How to Reduce Bloating (BLOATED BELLY FIX)

How to Reduce Bloating (BLOATED BELLY FIX)

Learn how to reduce BLOATING Fast with these 8 proven ways to get rid of a bloated belly. While eating the wrong foods can bloat, eating the right foods and taking the right steps can help relieve bloating.
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A bloated stomach is an unattractive, unpleasant and, sometimes, embarrassing thing. While excess water retention can cause parts of your body to look swollen bloating is usually caused by having too much gas in the gastrointestinal tract. Normally Gas that has built up in the stomach will rise up the esophagus and come out as a burp. But when the gas builds up in the loops of the small intestine, you’ll experience a heavy, full feeling. The trapped gas will cause the belly to swell, the skin to stretch, and, many times this can cause the stomach to ache. So today, I want to go over eight things that you can do immediately to reduce and prevent bloating. First you’re going to want to limit the foods that are known to cause bloating. Bloating is usually caused by something we eat so reducing these foods from our diet will go a long way for fixing this problem. Foods like onions, cauliflower, beans, and lentils can be major contributors to the bloating you might be experiencing from time to time. That’s because they contain what are known as FODMAP carbohydrates. These types of carbs cannot be digested. Instead they’re fermented by gut bacteria in the colon. This produces gas and may cause discomfort and bloating. In one study, two groups were given either a low of high FODMAP diet for two days. The high FODMAP group had a greater level of gastrointestinal discomfort and bloating and they were much more slugish.(1) The good news about beans is that you can reduce the FODMAPS in beans by soaking and sprouting them. This won’t completely get rid of them, but it’ll help with bloating. Other than beans you’ll want to also avoid things like carbonated drinks. When you drink soda, seltzer, or tonic you can’t help but swallow a lot of gas, in the form of carbon dioxide. That gas will end up in your small intestine causing you to feel bloated. Out of all the carbonated drinks out there one of the worst in relation to bloating is beer. That’s because it also contains fermentable carbohydrates like barley and maize, which can further contribute to gas build up and bloating. Dairy products can also cause bloating especially since 75 percent of the population has a lactose intolerance. Lactose is the sugar in milk and lactose intolerant people aren’t able to break it down. This can lead to gas, cramps, diarrhea and of course bloating. The last group of foods you may want to look out for are cruciferous vegetables, such as broccoli, cauliflower and brussels sprouts. While all of them are very healthy and they contain lots of fiber and essential vitamins and minerals. Unfortantely, they’re also high in FODMAPs. So if you’re struggling with bloat and you eat a lot of cruciferous veggetables I suggest experimenting by cutting them out…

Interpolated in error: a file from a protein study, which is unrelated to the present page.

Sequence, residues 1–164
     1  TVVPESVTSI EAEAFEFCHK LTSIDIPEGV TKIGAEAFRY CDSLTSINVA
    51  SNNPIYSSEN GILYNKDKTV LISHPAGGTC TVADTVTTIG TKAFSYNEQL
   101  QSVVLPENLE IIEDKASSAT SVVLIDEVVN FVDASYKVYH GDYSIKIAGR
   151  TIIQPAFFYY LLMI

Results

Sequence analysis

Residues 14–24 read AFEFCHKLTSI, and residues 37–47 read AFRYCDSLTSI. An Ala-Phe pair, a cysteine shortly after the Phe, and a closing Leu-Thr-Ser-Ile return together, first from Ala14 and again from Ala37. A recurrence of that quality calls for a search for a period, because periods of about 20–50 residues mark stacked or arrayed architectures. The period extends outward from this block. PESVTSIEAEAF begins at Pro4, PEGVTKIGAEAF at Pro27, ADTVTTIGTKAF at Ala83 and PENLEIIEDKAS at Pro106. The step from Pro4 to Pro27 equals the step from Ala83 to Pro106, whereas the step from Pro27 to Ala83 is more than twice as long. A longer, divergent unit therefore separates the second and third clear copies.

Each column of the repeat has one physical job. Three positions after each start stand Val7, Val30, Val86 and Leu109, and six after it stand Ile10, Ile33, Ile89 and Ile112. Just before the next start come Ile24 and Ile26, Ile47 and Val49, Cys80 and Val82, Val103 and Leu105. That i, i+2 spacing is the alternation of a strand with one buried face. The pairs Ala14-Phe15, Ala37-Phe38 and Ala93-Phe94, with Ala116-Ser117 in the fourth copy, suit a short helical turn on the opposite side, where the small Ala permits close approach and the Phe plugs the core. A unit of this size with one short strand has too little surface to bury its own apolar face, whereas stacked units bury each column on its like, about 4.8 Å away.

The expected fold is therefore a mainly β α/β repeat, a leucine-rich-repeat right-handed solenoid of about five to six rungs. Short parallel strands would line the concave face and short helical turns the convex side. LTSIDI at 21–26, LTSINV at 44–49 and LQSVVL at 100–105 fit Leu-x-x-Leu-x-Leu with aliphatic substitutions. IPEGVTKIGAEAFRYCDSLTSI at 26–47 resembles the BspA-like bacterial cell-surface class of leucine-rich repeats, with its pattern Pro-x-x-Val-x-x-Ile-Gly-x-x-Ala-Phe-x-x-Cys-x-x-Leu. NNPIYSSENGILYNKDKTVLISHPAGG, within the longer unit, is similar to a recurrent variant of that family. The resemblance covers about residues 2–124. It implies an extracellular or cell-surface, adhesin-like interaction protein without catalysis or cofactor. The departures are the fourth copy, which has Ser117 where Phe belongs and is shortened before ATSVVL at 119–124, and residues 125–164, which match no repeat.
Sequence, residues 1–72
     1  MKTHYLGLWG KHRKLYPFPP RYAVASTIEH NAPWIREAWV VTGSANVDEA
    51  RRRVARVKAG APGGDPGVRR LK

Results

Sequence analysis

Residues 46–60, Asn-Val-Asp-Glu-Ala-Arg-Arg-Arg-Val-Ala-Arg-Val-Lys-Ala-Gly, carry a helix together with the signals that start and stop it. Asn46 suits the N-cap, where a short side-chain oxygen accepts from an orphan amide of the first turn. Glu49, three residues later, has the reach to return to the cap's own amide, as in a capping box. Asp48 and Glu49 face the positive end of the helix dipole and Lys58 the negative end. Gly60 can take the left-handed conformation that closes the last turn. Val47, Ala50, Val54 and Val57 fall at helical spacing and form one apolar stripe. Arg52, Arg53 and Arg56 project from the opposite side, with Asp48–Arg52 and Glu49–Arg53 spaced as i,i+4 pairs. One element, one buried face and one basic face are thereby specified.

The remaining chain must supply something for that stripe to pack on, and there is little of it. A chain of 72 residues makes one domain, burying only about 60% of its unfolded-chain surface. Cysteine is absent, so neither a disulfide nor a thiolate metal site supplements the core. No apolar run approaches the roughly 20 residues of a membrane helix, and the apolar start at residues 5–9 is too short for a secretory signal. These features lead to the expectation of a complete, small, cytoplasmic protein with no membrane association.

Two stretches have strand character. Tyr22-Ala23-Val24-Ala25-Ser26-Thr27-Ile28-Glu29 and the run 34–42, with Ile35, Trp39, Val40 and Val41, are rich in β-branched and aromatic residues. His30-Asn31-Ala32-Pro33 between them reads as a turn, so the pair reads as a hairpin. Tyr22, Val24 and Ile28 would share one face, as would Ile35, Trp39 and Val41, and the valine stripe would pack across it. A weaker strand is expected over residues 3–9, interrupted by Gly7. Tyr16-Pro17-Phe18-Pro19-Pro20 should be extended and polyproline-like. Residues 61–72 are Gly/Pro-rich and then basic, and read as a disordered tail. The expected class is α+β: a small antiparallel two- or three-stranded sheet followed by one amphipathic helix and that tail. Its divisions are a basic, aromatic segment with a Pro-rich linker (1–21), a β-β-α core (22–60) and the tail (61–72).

(1) Gastrointestinal symptoms and lethargy were significantly induced by the high FODMAP diet in patients with IBS
https://www.ncbi.nlm.nih.gov/pubmed/20659225

(2) Regardless of status, the subjects ingested 11.9% less after 40 chews than after 15 chews.
https://www.ncbi.nlm.nih.gov/pubmed/21775556

(3) Increased meal frequency may likely decrease hunger, decrease nitrogen loss, improve lipid oxidation, and improve blood markers such as total and LDL cholesterol, and insulin.
https://jissn.biomedcentral.com/articles/10.1186/1550-2783-8-4

(4) Most subjects experienced mild gastrointestinal distress (gas, bloating) after 10 g and severe symptoms (cramps, diarrhea) after 20 g. These data suggest that the evaluation of patients with “functional” gastrointestinal complaints should include careful inquiry into the use of products containing sorbitol.
https://www.ncbi.nlm.nih.gov/pubmed/6847853

(5) SIBO is a very heterogeneous syndrome characterised by an increased number and/or abnormal type of bacteria in the small bowel.
https://www.ncbi.nlm.nih.gov/pmc/articles/PMC2890937/

(6) Based on this pilot study results, we can suggest that the probiotic herein used has a higher efficacy than metronidazol in the early clinical response of patients with chronic abdominal distension and SIBO.
https://www.ncbi.nlm.nih.gov/pubmed/21381407

(7) http://mintecibs.com.au/about_peppermint_oil.php.html

(8) Peppermint oil is a safe and effective short-term treatment for IBS.
https://www.ncbi.nlm.nih.gov/pubmed/24100754/

(9) Eating a large amount of fiber in a short period of time can cause intestinal gas (flatulence), bloating, and abdominal cramps. https://medlineplus.gov/ency/article/002470.htm

(10) Treating Sibo with Floraster
https://www.ncbi.nlm.nih.gov/pubmed/20889003

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